Fall 2010 Issue
A Matter of Science
Our Summer program gives economically disadvantaged high school students a taste of science in a college setting.
While most high school students are busy spending their summer at community pools, working part-time jobs or hitting the malls, a group of 15 young people spent part of their summer at Barry diving into the world of science and research.
In fact, every summer for the past 16 years, a new group of 15-20 high school students has participated in the University’s Summer Science Research Program. Created as a community-based outreach effort, the program aims to get economically disadvantaged high school students excited about science and to give them a feel for what it’s like to be on a college campus.
“We wanted to do more community outreach. The program gets students involved in hands-on, real science, and exposes them to many different areas of science,” said Dr. Flona Redway, who leads the program along with her colleague Dr. Teresa Petrino-Lin, both of whom teach biology in the College of Arts and Sciences.
The Summer Science Research Program has nearly doubled in size since its inception, with the number of participating high schools growing from six to 11. Recruitment for the program, which takes place for one week in June, begins in March, and high school students from Miami-Dade and Broward counties are required to submit applications to be considered for the program.
Once accepted, the students spend the entire day engrossed in debates, discussion and research regarding all things scientific. At the end of the week, the students take part in an awards luncheon where they are recognized and make presentations based on their research topics. Parents are encouraged to attend the luncheon so that they can see what the program has taught their children. “We try to coordinate the program topics with what is going on in their everyday lives, so that they can relate,” Petrino-Lin said. “Most of them don’t know about research or what it’s like to be a scientist. This program educates them on this.”
This year’s topic centered on genetically modified food, which gave the students the opportunity to discuss and debate how science has affected what and how they eat.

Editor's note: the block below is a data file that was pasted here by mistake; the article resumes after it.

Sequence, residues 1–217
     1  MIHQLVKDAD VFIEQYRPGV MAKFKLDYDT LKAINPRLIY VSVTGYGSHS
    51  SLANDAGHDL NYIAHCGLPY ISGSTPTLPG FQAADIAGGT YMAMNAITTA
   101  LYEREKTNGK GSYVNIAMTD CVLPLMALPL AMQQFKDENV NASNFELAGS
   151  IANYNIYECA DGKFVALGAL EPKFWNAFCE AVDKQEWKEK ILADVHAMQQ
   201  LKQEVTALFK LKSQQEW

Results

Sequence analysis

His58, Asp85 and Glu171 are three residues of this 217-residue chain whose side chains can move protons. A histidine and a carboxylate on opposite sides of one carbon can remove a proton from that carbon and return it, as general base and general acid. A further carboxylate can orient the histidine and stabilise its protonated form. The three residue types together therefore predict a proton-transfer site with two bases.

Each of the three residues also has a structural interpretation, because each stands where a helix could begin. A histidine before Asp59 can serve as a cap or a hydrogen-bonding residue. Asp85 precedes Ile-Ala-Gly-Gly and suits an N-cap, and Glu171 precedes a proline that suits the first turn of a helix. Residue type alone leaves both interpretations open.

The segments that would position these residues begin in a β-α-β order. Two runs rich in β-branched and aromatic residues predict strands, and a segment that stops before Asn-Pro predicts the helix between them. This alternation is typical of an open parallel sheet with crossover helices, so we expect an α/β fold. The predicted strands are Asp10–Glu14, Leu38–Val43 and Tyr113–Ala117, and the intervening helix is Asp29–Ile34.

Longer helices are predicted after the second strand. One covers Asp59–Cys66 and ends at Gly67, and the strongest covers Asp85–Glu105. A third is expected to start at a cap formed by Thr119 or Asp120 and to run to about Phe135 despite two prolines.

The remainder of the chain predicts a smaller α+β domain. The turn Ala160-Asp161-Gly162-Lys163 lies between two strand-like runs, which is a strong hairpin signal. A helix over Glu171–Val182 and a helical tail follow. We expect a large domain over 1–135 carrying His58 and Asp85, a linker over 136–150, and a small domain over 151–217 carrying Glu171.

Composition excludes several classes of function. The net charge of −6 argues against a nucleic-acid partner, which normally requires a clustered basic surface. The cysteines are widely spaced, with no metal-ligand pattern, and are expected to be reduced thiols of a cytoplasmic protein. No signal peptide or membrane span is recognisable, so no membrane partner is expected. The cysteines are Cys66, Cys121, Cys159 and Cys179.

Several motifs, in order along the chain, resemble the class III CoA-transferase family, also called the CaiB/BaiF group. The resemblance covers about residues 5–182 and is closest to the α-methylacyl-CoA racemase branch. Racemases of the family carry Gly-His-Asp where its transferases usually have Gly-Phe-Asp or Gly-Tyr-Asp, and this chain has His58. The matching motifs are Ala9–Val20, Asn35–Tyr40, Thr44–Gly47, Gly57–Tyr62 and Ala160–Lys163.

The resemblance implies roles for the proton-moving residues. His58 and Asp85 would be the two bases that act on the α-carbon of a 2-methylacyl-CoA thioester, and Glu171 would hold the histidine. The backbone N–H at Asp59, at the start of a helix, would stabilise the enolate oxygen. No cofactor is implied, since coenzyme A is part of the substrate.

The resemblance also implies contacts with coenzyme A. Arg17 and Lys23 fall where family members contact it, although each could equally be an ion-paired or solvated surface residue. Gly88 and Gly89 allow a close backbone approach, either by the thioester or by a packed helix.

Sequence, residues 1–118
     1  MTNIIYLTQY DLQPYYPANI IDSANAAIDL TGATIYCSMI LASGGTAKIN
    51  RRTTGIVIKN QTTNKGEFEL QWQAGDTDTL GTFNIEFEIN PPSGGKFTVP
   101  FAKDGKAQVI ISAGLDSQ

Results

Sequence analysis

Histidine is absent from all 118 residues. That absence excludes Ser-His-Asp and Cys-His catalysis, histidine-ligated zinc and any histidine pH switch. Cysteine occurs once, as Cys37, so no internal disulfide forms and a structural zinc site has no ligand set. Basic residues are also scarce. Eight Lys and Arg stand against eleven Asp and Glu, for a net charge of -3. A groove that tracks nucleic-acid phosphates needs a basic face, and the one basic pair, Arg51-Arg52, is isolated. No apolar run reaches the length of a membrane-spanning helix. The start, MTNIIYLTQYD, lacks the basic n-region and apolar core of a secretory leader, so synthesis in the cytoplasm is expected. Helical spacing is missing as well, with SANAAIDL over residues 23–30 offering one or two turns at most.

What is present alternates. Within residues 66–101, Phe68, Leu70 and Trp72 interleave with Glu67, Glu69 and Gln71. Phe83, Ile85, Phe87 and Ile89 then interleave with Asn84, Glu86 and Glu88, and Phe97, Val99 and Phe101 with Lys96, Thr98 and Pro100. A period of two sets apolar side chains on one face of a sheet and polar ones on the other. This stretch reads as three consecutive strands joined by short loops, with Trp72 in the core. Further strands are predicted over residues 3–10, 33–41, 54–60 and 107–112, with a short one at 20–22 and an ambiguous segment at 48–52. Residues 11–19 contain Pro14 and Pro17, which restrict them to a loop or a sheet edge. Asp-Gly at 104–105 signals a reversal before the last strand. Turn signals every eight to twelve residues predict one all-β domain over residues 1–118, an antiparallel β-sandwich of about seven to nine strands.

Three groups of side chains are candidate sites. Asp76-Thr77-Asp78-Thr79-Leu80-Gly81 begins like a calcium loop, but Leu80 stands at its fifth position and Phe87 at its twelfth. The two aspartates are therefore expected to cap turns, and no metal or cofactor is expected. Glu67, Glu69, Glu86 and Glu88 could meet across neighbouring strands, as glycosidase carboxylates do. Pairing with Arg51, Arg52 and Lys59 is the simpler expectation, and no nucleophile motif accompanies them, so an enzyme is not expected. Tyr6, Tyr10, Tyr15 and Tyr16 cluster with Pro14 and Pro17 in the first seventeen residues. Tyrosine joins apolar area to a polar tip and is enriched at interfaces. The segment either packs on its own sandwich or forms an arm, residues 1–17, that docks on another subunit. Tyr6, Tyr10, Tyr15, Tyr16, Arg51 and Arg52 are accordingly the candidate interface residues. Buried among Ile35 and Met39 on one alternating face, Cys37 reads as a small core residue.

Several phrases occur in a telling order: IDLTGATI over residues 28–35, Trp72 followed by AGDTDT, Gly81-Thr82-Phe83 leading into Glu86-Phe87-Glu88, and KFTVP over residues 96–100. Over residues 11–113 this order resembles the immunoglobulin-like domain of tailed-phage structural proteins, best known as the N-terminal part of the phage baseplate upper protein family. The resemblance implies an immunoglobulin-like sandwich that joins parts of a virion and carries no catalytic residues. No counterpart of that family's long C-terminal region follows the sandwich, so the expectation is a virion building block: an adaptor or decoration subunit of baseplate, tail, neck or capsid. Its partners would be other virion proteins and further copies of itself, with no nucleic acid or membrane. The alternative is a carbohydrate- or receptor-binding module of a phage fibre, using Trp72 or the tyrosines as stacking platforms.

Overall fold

As part of their research, they isolated DNA from the foods made from corn, soy bean or wheat. They then amplified parts of this DNA by performing a method called polymerase chain reaction (PCR); finally, they analyzed the results looking for the presence or absence of the specific DNA sequences characteristic of those artificially introduced genes.
They found that some products were indeed made by utilizing genetically modified crops, which led to discussions on the pros and cons of consuming genetically modified foods.
We wanted to do more community outreach. The program gets students involved in hands-on, real science, and exposes them to many different areas of science.
“It was such a valuable experience, and not something you would get in a normal classroom environment, and that’s because you are surrounded by kids who are just as interested in science as you are,” said Edwin Rubledo, a student from Everglades High School in Miramar, Florida, who hopes to someday work in the chemistry or biology field.
The success of the program is partially due to the support it has garnered from the supermarket chain Publix. Their ongoing financial support has helped to fund the salaries for Redway and Petrino-Lin, as well as provide the students with program supplies, transportation and meals at the Landon Student Union cafeteria.
This support has also afforded the students the opportunity to work with new technology as it becomes available, something they may not be exposed to in a typical high school classroom.
“It’s been rewarding, both educationally and socially,” said Lourgem Famador, a student at American Senior High School in Miami. “I’ve learned so much more than I ever thought I would, and that’s because of the hands-on approach of the program.”